Noaquia Callahan, Founder & CEO of Colored Bird Institute, is an educator, speaker, mentor, and diversity & inclusion in study abroad consultant whose insights have been sought after by national and international institutions such as Howard University, the University of Iowa, U.S. Embassy Berlin, and the University of Halle-Wittenberg. She is a PhD candidate in History at the University of Iowa (2018), holds a Master's in History from the University of Iowa and Bachelor's degrees in German and Sociology from California State University Long Beach.   (Pictured Above) Enjoying a visit to the White House before departing on my Fulbright Fellowship to Berlin, Germany as I wrapped up a year-long research fellowship in African American History at the German Historical Institute, Washington, D.C. (July 2016) 

Noaquia Callahan, Founder & CEO of Colored Bird Institute, is an educator, speaker, mentor, and diversity & inclusion in study abroad consultant whose insights have been sought after by national and international institutions such as Howard University, the University of Iowa, U.S. Embassy Berlin, and the University of Halle-Wittenberg. She is a PhD candidate in History at the University of Iowa (2018), holds a Master's in History from the University of Iowa and Bachelor's degrees in German and Sociology from California State University Long Beach.  

(Pictured Above) Enjoying a visit to the White House before departing on my Fulbright Fellowship to Berlin, Germany as I wrapped up a year-long research fellowship in African American History at the German Historical Institute, Washington, D.C. (July 2016) 

My Story

Never in my wildest dreams could have I imagined, that I, an African American girl from Long Beach, California, really would go on a journey so extraordinary that I’d be writing this entry in an Italian cafe in Berlin, Germany.  So how did I get here?  My curiosity about different cultures and interest in international travel started in my high school German language classroom. With just two years of language instruction and keen curiosity, at the age of sixteen I flew on a plane for the first time, to Siegen, Germany for a year-long academic exchange through the American Field Service (AFS).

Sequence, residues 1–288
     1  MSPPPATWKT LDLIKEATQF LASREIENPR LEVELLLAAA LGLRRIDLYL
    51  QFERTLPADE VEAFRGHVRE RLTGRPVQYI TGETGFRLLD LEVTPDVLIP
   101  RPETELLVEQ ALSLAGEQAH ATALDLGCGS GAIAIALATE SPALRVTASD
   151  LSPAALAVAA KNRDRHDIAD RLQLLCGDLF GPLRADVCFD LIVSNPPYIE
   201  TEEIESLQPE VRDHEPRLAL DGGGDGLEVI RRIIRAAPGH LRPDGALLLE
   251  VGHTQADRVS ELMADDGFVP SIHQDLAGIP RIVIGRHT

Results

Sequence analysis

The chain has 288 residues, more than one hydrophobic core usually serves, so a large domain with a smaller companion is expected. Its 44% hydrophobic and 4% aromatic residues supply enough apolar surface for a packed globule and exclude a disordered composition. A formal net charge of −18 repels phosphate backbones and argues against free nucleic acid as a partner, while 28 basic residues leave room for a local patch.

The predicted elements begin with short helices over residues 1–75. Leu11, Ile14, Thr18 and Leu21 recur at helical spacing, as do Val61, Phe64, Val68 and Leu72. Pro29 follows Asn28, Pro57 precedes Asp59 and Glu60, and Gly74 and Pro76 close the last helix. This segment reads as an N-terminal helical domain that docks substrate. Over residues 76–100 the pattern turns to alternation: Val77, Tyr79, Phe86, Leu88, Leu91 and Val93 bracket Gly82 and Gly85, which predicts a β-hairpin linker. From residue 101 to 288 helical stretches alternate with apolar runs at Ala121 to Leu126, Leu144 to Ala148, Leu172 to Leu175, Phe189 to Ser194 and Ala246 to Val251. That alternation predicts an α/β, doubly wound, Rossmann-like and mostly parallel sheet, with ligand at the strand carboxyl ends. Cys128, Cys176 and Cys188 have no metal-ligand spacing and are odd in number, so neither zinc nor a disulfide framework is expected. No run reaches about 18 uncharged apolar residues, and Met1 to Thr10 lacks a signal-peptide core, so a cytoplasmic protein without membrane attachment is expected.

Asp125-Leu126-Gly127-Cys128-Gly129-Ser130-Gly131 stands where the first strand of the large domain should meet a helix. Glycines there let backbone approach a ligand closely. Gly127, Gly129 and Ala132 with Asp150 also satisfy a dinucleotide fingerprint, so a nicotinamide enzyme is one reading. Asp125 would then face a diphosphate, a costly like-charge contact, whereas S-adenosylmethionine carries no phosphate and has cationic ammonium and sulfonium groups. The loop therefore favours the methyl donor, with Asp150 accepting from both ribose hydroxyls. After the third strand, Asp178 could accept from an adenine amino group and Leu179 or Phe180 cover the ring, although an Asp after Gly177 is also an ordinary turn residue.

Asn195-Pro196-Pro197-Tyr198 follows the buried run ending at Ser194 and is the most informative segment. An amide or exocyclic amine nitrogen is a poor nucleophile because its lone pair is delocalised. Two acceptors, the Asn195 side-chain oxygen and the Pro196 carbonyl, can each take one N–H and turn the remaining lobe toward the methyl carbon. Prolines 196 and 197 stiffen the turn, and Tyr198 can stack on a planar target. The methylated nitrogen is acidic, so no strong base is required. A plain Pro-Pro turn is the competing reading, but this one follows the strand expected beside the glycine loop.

My exchange year inspired me to continue studying German at the undergraduate level. I returned to Germany to study at the University of Munich for one year through the Junior Year in Munich program.  This time, I lived in student housing with German and other international university students, attended university classes conducted in German, and interned at Learning-By-Talking Languages teaching conversational English to German businesswomen and men. Such experiences not only impacted my career trajectory, but informed my understanding of self as an African American woman carrying out her daily life in a foreign space.  Being exposed to the diverse communities in Munich sparked my interest in the experience of Afro-Germans, a growing minority population living throughout Germany. My time in Munich allowed me to explore my academic interest, as well as participate in many extracurricular activities and opportunities: a weeklong excursion to Berlin, hiking the steep hills of Neuschwanstein, group trips to Vienna, Austria, and visiting a Nazi concentration camp in Dachau – located just outside of Munich. I was also able to reconnect with my friends and German host-mother from my high school student exchange year.

Motivated by my international experiences and academic interest, I pursued a PhD in history to learn more about minority communities in Germany. But my investigation into this area took a surprising turn when I discovered the German language diaries of Mary Church Terrell, a prominent African American civil rights and woman’s activist, educator, and global citizen. The realization that my personal and academic experiences in Germany were part of a larger historical intercultural exchange inspired my dissertation project that traces Terrell’s life and activism and networks in Europe during the late nineteenth and early twentieth centuries. Working on this amazing project not only taught me that I belong to a long line of African American intellectuals who engaged German culture and language, but challenged me to think of the ways I could bring Terrell’s ideals of transnational interracial cooperation to bear on our own world.

The opportunities afforded me early on through international exchange programs and institutes continue. In 2014, I founded the Colored Bird Institute – a social good company that prepares millennials of color to take the journey of study abroad. In 2016, I was selected as Fulbright Germany's top candidate to receive a special Germanistic Society of America Fulbright award. I continued building my social enterprise during my Fulbright fellowship (2016-17) in Berlin, Germany by launching the Diversity International Scholarship Academy, in which resulted in an invitation from the U.S. Embassy Berlin to share my study abroad story and pilot program with German high school teachers in Rostock, Germany to adapt as a model for their work with minority students in Germany. 

 

I'm also excited to share a blog article I wrote about the impact of study abroad on my life as a black woman, "It Must Be Schicksal (Destiny): One African American Woman's Extraordinary Study Abroad Journey," published by the German-American Fulbright Commission.